We reached a small settlement at Sangey GG late in the evening and gained access into one of the huts and made ourselves comfortable. The hut had wooden panels with gaps allowing the freezing wind to blow in and chill us to the bone. The morning was a delight as we rushed out to get fantastic views of peaks like Kangto (7022 m), Gori Chen (6488 m), Chomo (6878 m) and Nyegyi Kangsang (6983 m), some of the high peaks of Arunachal Pradesh. To their right, in the far east, the faint outline of Namcha Barwa (7754 m), the eastern limit of the Himalaya, was visible on the horizon. To the west of Kangto were peaks of Tawang, above Gerzila. The historic Sela pass spread out in front of us. With the forest covering the ridges and valleys, it was magical moment. To the west were the hills of Bhutan, thick forest of pines, deodar and many colourful fungi. We soaked in the sun till the afternoon and pitched tents on a ridge to enjoy the evening and possibly the next morning. In hindsight, it was a good decision as it gave us a chance to acclimatize better.
Finally on 13 November 2015, we commenced our trek. On the first day, we followed a long trail to eventually climb up to a high ridge which formed the border with Bhutan. A step across a stone wall and you cross the international border into Bhutan - how civilized! The leading trail traversed wide slopes with the peak of Pema Korsam rising above us. This peak is highly venerated, as from its top one can look across to the Tawang monastery and into Tibet. We passed the hut of a Drokpa (Bhutanese shepherd) at Jobor, the only people we met on the trek. That night we stayed at Nogor (3850 m) near a river. Our three horsemen were mountain people, blessed with a store-house of traditional knowledge and were immensely devout in their faith in nature. Every morning, they would seek blessings for the safety of their horses with incense sticks lit near their saddles, and for the travelling party.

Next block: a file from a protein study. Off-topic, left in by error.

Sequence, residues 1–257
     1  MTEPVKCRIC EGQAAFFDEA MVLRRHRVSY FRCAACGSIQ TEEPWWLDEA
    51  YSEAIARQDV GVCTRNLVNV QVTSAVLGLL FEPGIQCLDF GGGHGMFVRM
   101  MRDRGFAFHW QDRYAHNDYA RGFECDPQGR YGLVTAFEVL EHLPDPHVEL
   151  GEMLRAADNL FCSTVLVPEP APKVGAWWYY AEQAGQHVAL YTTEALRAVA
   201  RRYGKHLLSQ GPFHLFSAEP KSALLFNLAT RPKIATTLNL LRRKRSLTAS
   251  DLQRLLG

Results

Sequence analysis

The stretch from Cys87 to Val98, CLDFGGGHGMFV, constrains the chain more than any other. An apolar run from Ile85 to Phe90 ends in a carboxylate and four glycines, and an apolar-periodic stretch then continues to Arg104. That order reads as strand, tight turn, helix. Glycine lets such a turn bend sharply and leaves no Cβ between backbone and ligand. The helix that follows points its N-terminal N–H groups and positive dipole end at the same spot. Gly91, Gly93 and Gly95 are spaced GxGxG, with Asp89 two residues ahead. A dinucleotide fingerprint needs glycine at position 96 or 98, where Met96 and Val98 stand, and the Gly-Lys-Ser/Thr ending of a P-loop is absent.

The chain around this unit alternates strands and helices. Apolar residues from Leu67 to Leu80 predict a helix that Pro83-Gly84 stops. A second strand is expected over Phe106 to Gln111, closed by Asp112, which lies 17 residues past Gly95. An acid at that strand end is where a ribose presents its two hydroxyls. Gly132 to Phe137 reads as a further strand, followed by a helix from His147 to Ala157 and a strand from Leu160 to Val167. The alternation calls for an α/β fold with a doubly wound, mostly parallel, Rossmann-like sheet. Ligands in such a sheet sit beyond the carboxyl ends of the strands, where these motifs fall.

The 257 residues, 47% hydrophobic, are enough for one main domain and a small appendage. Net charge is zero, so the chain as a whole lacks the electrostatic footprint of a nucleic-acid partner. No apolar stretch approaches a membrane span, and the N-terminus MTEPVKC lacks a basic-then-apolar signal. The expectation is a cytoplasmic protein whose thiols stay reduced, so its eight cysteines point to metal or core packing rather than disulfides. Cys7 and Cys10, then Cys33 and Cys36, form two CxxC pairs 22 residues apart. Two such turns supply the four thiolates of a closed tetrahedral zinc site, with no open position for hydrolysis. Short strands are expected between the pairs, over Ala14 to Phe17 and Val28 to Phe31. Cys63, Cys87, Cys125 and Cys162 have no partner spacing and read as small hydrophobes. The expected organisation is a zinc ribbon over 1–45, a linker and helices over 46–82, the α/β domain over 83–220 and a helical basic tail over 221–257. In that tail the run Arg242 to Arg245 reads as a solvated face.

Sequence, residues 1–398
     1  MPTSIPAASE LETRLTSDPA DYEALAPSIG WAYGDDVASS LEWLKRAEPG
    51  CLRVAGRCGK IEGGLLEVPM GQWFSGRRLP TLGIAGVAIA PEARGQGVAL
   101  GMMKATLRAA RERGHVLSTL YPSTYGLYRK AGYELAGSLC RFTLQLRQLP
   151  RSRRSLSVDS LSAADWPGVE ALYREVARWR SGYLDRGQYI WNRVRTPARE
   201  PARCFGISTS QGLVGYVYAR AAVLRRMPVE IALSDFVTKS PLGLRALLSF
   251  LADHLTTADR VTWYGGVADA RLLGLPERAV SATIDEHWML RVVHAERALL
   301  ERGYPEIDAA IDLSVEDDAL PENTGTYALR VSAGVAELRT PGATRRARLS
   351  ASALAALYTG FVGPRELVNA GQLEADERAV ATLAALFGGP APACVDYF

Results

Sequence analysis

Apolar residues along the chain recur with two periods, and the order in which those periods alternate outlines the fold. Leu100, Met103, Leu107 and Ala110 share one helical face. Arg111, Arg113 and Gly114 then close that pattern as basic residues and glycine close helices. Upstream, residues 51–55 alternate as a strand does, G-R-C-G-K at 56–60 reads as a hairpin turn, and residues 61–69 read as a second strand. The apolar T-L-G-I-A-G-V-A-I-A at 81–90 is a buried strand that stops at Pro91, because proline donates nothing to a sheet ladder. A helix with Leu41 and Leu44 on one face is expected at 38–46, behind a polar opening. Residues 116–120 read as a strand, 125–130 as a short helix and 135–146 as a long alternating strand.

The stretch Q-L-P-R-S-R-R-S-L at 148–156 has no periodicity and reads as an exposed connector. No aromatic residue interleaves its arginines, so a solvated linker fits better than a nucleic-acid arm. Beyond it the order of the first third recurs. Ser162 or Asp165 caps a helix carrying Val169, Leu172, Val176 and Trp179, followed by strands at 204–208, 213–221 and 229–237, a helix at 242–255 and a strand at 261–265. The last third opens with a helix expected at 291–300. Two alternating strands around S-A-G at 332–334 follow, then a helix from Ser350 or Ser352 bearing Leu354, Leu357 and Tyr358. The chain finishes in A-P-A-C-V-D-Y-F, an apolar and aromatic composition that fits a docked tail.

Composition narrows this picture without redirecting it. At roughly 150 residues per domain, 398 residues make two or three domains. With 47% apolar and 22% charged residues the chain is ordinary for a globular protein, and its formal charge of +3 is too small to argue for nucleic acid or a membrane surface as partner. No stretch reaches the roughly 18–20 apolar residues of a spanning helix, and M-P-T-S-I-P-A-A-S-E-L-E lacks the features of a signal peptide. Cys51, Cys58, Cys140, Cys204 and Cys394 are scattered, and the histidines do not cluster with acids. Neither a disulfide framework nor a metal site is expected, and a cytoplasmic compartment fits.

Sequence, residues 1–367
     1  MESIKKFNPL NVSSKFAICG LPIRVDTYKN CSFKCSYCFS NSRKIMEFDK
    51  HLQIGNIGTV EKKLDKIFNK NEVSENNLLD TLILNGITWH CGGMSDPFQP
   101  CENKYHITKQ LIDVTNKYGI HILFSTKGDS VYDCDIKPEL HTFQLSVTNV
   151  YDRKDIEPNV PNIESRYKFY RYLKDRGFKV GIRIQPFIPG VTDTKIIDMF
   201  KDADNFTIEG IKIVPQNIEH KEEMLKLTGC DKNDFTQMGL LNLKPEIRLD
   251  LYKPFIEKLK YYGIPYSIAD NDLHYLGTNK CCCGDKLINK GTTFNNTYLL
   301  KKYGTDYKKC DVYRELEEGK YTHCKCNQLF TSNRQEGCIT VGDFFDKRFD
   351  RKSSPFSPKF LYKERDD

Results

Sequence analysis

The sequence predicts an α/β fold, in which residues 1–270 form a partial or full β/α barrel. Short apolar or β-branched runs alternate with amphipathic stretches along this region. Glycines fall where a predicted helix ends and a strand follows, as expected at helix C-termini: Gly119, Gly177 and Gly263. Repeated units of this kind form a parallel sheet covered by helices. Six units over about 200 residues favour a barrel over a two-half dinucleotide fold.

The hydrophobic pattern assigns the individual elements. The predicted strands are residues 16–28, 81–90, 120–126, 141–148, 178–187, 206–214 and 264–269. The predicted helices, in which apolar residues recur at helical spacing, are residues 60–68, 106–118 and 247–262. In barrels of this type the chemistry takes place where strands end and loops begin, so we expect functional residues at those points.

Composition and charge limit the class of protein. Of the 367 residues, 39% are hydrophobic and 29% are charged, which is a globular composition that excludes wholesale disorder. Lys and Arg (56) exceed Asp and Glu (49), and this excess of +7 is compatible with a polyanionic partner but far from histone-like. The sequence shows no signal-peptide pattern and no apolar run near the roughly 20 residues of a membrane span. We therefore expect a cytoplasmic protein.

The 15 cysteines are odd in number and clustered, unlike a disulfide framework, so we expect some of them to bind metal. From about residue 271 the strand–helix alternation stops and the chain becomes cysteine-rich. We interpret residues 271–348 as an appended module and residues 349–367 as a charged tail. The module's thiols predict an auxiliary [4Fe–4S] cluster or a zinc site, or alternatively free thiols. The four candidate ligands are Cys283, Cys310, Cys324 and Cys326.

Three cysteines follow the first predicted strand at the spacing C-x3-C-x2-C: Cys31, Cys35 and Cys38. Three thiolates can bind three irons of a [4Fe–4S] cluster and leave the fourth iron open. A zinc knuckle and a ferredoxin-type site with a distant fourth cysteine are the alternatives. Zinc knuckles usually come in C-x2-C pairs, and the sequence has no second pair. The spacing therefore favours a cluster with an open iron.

Gorichen I from Sange GG (Harish Kapadia)
Chomo II and I (right) from Sangey GG (Harish Kapadia)
Gorichen range at evening (Smruthi R.)
Kangto peaks in the evening (Smruthi R.)
Bangajang valley and Chandezi Lar lake (Smruthi R.)
A short walk the next day took us to the banks of the holy Chomjuk lake (4030 m). With white prayer flags fluttering on a small ridge combined with the clear blue waters of the lake, a peaceful atmosphere permeated the surroundings. This lake is worshipped by both Bhutanese and Arunachalis. En route, we also happened to meet a young Rimpoche (head lama) of a monastery in Karnataka, in the south of India, who is a native of Bhutan and was returning from a visit.
Smruthi decided to roam along the shores of the lake, keeping a safe distance from the swamp. Tejas effortlessly climbed to a nearby point to reach a cairn put there. Aarti and Mihir climbed up to a ridge offering an uninterrupted view of the lake. And I, unashamedly, lazed in my tent with my radio and an exquisite view of the lake.
It snowed that night and our trek turned into white snow walk next day onwards. We climbed up to Gyongdong la and traversed a vast valley. There were several lakes, small and large, which we passed en route. There are various routes through this valley with different cols and passes that can be crossed. We chose to follow a straight and short trail ahead. We passed by the Phirapuk camp ground and finally climbed a steep slope to our camp at Merathang (4070 m).